Sunday, July 4, 2010

Sensory Friendly Films: What They're Like

Have you ever wanted to go to AMC Entertainment and the Autism Society's sensory-friendly films but didn't know what to expect? AutMont's close friend A Lettered Woman went to the most recent showing and reported back on how the experience went for her.

Have you been? What did you think? Leave your own experiences and suggestions for attending in the comments.

Last weekend, my boyfriend and I took our three kids (two neurotypicals, one non-verbal autistic) to the sensory friendly showing of Toy Story 3 at Rio Gaithersburg. Somehow, 10 a.m. was earlier than we thought; it was tough getting there on time, but that's just us. I was stressed out by knowing that we didn't have the cushion time of previews in case we were late.

We did miss the opening of the cartoon short that played before the film, but that was fine. We still liked it. There was a pretty good turn out—we were able to find seats easily, but people trickled in for several minutes after the start of the film and the theater became full.

I expected the lights to be a little higher, but it was still dark, maybe just one level up from full darkness. And at first I was like, really? Is this the sensory friendly showing? But as time passed, and kids started to make noise, I realized that at times I had to strain to hear the movie over the hum of the audience.

For real, it was the loudest audience I've ever heard. But that was okay. It was okay when my boyfriend's son vocalized and when my own chatty five year old had a lot to say about the movie. There was a steady hum of squeaks, squwaks, and grunts throughout.

By the second half of the film, there was a gang of little kids running up and down in front of the screen, and there was a semi-agitated kid pacing and stimming on the steps next to our seats. It was all okay. My boyfriend's son got a bit agitated during the suspenseful part of the movie—who knew how scary pink teddy bears could be? So the two of them took a break and stood at the top of the stadium seating. The pacing kid hung out with them. It was kinda nice.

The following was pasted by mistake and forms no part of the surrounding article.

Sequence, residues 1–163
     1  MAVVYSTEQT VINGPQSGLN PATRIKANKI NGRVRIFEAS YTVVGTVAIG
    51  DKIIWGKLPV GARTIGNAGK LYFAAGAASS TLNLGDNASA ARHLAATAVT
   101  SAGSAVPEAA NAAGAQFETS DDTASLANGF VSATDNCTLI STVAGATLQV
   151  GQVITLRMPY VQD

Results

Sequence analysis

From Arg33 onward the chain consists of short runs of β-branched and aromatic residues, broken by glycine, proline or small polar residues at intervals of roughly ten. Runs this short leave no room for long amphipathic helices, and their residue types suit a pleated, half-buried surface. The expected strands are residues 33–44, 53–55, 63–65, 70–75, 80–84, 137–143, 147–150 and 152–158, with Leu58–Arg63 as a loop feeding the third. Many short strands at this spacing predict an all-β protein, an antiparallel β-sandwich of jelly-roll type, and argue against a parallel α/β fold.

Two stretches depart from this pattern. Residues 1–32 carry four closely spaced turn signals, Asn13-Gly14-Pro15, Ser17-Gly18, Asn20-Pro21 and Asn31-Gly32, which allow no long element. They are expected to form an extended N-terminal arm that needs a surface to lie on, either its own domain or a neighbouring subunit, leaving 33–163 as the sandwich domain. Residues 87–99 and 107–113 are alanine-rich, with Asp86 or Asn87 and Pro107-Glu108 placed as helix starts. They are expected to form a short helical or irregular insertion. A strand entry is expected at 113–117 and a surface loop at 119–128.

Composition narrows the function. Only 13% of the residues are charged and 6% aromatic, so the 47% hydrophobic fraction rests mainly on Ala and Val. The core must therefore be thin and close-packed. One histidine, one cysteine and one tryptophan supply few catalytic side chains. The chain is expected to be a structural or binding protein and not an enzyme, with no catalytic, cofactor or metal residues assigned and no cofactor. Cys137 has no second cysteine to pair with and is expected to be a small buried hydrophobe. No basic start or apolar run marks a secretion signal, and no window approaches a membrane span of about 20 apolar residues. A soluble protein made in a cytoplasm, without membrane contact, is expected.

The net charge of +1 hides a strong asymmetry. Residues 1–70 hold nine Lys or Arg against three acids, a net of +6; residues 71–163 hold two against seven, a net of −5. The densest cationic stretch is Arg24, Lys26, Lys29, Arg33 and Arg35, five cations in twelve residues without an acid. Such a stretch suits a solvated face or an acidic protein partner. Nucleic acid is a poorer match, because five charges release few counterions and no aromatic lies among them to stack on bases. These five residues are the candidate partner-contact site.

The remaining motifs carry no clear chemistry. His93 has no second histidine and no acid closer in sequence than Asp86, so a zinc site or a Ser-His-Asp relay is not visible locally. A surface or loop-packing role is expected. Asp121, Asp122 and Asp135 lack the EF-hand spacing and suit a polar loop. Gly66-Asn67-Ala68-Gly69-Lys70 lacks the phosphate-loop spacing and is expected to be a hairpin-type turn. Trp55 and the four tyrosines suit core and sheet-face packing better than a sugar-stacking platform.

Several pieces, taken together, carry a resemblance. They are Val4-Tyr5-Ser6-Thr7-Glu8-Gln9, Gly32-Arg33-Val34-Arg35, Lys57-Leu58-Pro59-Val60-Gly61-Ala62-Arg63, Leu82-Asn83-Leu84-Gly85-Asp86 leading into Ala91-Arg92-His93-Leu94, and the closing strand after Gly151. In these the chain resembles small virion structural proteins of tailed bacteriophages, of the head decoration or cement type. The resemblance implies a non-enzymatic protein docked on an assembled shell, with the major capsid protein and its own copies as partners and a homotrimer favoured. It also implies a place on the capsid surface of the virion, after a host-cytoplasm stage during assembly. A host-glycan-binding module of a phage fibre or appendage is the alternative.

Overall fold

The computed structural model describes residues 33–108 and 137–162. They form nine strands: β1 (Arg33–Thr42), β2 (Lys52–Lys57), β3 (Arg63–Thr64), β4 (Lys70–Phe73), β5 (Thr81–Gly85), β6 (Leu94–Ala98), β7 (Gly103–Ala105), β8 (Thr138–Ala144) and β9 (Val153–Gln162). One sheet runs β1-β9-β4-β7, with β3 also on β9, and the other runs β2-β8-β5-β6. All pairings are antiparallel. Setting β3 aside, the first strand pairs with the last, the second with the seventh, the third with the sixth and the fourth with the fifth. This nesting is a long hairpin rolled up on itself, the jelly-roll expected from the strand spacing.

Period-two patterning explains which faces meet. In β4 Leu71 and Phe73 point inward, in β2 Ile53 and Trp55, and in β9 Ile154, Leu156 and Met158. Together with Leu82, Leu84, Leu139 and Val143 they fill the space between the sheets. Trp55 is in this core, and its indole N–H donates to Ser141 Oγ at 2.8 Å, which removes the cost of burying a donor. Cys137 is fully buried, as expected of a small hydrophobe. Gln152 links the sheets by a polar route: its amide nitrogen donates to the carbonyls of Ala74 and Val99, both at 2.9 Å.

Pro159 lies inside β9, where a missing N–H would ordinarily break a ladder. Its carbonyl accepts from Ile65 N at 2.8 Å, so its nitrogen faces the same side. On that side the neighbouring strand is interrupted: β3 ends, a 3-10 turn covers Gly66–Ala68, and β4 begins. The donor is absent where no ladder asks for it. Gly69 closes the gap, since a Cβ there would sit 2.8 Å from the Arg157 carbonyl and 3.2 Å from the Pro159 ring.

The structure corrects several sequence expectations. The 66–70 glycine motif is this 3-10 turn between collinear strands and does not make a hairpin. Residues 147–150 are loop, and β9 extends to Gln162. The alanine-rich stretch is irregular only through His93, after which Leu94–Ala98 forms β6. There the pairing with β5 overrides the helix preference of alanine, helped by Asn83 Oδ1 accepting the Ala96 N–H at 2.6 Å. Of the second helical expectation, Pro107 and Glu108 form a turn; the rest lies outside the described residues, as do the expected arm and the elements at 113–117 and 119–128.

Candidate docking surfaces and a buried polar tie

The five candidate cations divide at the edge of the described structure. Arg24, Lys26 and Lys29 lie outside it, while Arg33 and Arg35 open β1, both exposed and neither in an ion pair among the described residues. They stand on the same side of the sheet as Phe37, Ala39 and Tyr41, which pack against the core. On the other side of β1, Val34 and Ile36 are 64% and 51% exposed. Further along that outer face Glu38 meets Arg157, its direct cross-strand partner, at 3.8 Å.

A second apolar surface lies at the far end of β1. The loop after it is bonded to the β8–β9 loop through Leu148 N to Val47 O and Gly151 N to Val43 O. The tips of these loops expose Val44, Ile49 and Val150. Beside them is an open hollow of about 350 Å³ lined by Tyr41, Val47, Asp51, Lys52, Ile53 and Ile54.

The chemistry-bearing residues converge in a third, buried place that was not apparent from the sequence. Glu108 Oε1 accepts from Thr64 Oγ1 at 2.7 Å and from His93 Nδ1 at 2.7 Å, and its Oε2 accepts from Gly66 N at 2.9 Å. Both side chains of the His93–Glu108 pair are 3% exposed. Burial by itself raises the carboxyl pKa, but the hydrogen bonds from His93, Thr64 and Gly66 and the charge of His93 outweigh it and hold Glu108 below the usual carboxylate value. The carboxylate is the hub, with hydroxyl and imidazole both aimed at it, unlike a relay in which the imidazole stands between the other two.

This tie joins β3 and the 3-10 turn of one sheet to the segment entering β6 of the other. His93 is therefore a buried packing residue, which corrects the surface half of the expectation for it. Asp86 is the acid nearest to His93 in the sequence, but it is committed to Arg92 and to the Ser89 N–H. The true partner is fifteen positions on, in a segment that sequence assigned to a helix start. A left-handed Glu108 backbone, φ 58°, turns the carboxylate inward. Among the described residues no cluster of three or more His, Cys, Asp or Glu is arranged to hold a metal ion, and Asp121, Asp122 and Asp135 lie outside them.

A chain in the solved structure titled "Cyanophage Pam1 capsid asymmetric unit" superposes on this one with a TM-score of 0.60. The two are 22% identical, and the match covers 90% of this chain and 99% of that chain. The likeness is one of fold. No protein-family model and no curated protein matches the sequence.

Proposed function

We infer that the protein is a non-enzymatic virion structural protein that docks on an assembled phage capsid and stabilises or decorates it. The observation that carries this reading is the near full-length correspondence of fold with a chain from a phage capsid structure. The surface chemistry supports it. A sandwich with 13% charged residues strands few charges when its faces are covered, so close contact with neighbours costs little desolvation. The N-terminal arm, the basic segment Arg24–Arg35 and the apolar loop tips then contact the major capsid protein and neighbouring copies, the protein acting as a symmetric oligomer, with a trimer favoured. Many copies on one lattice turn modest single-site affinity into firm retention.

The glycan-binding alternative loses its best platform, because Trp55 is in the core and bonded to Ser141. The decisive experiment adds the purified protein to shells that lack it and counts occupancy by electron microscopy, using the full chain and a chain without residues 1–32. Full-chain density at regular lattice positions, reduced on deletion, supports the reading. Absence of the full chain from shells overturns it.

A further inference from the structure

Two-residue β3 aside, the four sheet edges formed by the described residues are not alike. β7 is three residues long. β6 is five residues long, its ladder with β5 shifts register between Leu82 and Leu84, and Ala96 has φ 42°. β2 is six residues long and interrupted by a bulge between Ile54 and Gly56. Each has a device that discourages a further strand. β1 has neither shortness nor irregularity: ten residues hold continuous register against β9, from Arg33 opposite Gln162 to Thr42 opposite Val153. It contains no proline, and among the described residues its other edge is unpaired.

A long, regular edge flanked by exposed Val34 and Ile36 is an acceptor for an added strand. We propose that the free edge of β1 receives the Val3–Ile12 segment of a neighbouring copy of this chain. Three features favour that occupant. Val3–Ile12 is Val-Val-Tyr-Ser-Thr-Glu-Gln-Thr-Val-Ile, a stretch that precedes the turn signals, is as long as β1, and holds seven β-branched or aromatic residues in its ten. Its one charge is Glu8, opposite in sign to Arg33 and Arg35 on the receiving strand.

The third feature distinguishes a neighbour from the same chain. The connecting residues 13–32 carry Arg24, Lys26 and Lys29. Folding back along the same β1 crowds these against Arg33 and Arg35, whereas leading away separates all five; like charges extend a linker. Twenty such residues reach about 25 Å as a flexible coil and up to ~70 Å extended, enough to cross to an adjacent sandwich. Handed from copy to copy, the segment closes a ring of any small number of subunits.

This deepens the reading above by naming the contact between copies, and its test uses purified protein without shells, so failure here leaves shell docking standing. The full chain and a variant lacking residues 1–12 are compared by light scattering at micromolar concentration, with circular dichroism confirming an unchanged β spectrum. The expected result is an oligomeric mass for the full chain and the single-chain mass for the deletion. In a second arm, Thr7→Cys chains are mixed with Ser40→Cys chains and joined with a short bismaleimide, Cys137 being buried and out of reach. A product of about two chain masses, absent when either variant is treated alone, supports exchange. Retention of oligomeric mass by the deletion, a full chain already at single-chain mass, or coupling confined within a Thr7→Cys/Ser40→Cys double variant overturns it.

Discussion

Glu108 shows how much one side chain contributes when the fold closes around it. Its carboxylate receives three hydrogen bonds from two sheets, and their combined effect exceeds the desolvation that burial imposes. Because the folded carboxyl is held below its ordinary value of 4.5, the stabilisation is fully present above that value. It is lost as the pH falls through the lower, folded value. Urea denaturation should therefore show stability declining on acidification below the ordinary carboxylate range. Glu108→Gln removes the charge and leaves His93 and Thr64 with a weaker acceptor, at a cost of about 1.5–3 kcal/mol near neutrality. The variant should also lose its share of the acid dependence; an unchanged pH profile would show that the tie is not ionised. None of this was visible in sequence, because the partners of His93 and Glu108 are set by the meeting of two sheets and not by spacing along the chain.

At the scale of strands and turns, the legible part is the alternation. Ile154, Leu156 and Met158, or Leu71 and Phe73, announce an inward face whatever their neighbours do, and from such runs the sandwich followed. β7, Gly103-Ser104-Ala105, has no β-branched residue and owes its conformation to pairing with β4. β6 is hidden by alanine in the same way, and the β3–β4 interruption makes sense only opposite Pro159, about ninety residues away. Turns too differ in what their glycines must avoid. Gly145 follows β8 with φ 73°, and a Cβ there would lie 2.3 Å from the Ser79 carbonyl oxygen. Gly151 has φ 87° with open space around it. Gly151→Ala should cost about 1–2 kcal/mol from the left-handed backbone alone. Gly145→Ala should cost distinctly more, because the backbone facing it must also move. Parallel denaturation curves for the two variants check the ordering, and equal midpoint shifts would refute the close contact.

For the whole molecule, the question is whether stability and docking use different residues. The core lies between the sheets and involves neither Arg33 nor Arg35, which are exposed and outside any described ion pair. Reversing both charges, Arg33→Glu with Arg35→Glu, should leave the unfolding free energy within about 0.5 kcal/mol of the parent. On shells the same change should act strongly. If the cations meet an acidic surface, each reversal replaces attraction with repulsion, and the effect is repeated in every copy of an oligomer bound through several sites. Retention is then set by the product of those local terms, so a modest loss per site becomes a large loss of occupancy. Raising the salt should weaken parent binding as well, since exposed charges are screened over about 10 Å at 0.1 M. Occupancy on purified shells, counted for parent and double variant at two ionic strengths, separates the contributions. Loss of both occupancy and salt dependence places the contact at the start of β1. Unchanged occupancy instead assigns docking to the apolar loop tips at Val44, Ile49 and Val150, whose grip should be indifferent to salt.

To sum up, Toy Story 3: Awesome movie, a little scarier than necessary. It involved a menacing teddy bear, a scary monkey and potential doom in a garbage dump.

Sensory Friendly Film: A safe place to take your kid if you have a hard time in public. It's cheap enough that you don't feel terrible about leaving early. No one will give you a dirty look if your kid is noisy or active. If there's a tantrum, no biggie, no need to be embarrassed, just exit, calm down and come back in, or don't. Easy Peasy. However, this is still a movie theater, it's still pretty dark with a big colorful screen and fairly dark lighting.


Susan said...

What a cool post. I wondered about those movies -- good to hear that it worked out (pretty) well!